A Free Market Doesn't Equal a Free Society : Russia, Poland and China confuse politics and economics.

Robert Scheer, a former Times national correspondent, has traveled in and written extensively on Eastern Europe.

Should democracy be equated with the free market? That is the issue raised by elections in Poland, the rejection of Beijing's bid for the Olympics and Russian President Boris N. Yeltsin's coup.

In the name of democracy, the Clinton Administration has endorsed Yeltsin's elimination of an elected Parliament and vice president as well as his overriding the constitutional court and transforming the media and state security apparatus into vehicles of his own personal power.

This absurd blurring of the line between authoritarianism and democracy is made possible by the current cant, which holds the "market economy" to be the wellspring of political freedom. The "freer" the market, the theory runs, the safer democracy.

We have come to define democracy in terms of allegiance to methods of trade rather then procedures for governance. It follows, then, that Yeltsin is to be supported because he favors more rapid privatization of production than his opponents do.

But this policy is fraught with obvious contradiction. By that standard, communist China must be the most rapidly developing democracy in the world, and one wonders why the United States opposed its hosting the Olympics. China has the fastest-growing private sector, millions of capitalist flowers coexisting quite easily with one-party rule and forced-labor camps.

Oligarchy in China is consistent with the economic "tigers" of Asia, who have followed a model of repressive politics wedded to private enterprise. The governments of South Korea and Taiwan, for example, have insisted all along that authoritarian rule was indispensable to the stability required for a free market. Should China be faulted for following their example, which the United States extolled?

What happens when people attempt to use political power to control--some might argue disrupt--the workings of the free market, as occurred in Poland? Last week, the Polish electorate voted in remnants of the old guard pledged to a slower pace of economic change. Is Poland now less democratic than China? Should rejection of the "shock therapy" model prescribed by Harvard professors who never personally experienced the vicissitudes of business be equated with a thirst for totalitarianism?

Nonsense. People in the former communist bloc have the same right as American citizens do to decide on the mix of government regulation and private economic activity. The height of the social safety net, the degree of environmental protection and the guarantee of safe working conditions and minimum wages and hours are decisions set by the electorate in all advanced capitalist societies. Why do we insist on imposing a model of the free market on Eastern Europe that would be considered unworkably primitive in Western Europe?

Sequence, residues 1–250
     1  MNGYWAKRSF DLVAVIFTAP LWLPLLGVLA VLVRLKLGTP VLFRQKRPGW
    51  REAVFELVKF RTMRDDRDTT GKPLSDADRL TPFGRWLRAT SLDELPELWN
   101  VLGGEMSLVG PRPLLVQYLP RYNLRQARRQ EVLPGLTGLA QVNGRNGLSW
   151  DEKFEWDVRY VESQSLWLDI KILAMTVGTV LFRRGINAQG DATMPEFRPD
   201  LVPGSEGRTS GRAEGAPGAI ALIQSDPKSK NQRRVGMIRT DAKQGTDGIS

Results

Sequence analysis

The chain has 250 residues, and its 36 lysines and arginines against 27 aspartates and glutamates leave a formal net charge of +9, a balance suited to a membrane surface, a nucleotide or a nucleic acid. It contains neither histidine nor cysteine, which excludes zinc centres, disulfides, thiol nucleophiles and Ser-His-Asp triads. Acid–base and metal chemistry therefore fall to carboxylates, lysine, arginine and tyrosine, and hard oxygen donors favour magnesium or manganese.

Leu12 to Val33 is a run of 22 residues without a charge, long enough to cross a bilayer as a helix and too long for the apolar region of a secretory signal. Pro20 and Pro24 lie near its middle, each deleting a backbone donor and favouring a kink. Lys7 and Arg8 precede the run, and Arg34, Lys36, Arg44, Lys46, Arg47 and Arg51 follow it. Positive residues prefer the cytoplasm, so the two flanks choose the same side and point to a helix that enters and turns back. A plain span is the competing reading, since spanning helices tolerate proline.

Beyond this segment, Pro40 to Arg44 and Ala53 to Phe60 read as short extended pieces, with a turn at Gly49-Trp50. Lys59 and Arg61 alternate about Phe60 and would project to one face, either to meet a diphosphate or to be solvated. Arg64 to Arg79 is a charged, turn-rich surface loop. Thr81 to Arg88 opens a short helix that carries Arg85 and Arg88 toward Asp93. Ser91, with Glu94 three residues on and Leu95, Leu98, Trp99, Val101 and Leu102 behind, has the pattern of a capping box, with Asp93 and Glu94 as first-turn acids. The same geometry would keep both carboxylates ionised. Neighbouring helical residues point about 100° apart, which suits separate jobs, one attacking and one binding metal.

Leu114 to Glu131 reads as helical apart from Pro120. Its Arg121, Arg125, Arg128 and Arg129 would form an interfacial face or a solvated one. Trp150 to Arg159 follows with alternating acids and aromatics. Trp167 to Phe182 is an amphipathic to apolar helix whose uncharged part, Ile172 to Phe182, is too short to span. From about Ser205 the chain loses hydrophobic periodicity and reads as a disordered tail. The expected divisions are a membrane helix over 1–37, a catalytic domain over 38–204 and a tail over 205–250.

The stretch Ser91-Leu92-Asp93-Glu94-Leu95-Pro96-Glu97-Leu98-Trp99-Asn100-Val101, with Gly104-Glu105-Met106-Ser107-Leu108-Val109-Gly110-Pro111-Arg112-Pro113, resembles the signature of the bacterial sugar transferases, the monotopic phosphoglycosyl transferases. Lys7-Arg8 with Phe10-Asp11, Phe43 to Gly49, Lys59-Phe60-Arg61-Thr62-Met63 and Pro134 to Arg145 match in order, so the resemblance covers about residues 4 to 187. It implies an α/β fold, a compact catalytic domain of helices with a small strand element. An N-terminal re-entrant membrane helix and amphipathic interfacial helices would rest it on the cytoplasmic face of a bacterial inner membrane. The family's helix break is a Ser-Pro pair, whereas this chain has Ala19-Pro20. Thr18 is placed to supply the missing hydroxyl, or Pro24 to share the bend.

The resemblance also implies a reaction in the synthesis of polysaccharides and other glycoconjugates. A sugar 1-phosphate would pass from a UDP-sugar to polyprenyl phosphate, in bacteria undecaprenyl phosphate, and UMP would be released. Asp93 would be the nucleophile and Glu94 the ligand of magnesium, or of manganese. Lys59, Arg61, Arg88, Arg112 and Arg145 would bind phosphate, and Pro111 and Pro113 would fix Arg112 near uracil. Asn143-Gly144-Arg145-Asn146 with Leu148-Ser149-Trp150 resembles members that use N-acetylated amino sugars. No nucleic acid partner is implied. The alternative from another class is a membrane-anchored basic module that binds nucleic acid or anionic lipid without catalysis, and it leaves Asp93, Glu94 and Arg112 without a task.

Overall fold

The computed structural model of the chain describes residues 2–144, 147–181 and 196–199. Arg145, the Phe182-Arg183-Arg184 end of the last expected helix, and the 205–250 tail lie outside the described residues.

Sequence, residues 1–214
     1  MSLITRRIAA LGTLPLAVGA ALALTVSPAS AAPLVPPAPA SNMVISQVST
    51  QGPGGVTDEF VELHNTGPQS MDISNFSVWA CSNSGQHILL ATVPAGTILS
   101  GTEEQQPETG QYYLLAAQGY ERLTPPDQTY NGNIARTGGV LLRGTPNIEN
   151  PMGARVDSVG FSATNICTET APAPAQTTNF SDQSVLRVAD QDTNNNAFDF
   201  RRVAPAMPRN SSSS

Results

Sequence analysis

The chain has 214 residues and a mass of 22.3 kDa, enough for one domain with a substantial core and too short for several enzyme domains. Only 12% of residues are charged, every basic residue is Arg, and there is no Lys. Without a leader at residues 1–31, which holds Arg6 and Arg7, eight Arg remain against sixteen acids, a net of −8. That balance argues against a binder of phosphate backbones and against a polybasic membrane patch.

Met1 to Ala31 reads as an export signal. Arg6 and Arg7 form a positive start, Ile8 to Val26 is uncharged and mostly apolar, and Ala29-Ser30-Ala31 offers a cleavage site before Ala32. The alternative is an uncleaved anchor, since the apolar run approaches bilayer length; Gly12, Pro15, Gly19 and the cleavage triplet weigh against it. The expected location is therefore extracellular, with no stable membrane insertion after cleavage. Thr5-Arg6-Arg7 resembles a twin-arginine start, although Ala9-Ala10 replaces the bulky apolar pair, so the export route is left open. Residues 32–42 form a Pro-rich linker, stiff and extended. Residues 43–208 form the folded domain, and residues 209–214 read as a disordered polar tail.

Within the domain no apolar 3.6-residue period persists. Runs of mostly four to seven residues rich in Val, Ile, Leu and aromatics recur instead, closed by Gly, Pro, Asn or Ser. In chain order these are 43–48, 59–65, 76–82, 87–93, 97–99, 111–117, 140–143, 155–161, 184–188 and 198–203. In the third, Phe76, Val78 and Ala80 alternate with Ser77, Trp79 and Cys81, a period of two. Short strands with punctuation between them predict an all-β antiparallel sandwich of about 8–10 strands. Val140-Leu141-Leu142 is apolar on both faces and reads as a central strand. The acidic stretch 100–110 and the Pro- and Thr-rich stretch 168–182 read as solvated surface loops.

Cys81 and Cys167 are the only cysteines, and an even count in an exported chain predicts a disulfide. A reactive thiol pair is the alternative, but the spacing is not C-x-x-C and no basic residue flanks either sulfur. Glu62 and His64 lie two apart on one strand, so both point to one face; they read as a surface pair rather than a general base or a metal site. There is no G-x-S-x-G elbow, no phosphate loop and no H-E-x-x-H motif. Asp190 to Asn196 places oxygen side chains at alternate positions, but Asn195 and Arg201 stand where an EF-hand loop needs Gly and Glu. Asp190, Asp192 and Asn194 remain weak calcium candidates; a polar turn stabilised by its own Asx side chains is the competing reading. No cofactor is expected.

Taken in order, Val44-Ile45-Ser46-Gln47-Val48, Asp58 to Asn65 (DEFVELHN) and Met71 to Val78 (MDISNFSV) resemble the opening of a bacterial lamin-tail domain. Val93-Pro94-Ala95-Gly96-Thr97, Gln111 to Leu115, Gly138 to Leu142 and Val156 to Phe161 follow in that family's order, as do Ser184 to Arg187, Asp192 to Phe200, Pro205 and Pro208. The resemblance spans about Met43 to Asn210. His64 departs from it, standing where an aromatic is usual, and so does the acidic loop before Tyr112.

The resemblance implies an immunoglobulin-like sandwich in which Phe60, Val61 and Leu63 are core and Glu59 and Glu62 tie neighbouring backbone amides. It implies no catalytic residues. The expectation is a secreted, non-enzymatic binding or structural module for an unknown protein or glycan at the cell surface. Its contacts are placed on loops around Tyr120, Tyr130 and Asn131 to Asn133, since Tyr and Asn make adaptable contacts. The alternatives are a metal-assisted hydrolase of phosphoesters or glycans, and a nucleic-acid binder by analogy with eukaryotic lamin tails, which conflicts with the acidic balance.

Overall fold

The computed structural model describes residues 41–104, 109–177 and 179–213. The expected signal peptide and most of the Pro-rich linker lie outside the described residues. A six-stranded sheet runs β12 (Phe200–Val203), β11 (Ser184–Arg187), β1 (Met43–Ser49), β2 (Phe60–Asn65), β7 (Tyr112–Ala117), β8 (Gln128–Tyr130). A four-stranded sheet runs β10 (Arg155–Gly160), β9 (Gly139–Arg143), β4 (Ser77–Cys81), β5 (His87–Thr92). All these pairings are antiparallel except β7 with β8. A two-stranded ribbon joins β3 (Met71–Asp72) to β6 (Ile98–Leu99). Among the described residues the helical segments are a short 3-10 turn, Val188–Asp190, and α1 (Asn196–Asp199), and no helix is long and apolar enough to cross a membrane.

Only a small band of ideological purists believe that such decisions can be made exclusively in the market by adherence to the law of supply and demand. In the real capitalist world, the "market mechanism" is an essential accounting tool, but it does not answer fundamental social-policy questions.

The struggle between Yeltsin's government and the Russian Parliament, marred as it has been by personality and ambition, nonetheless was an essential forum for debating the hard choices. Those issues cannot be resolved by simple rhetoric about the market or silencing opponents.

It is understandable that Yeltsin--consistent with behavior of politicians everywhere--would seek to relieve himself of any accountability for massive inflation, crime and poverty by blaming his opponents and even seek to silence them. But why does the Clinton Administration feel the need to validate such tactics as democratic?

History offers many examples of just how dangerous it is to identify the ideals of democracy with the survival of any one political leader. Diem in Vietnam and Pinochet in Chile come to mind.

Nor is it helpful for the United States to insist, along with the emissaries from the International Monetary Fund, that the economic catastrophe that is modern Russia can be made whole by following some simplistic rules from economic textbooks. How does a foreign economist know how much suffering the people can take before they crack?

What we should assert is that people have the right to make their own history, and that includes shaping the character of their own economy. Endorsing elections now for both the Russian president and the Parliament would make sense. But it is unconscionable to insist that democracy means people voting the way you would have, or to equate human rights with laissez-faire economics.

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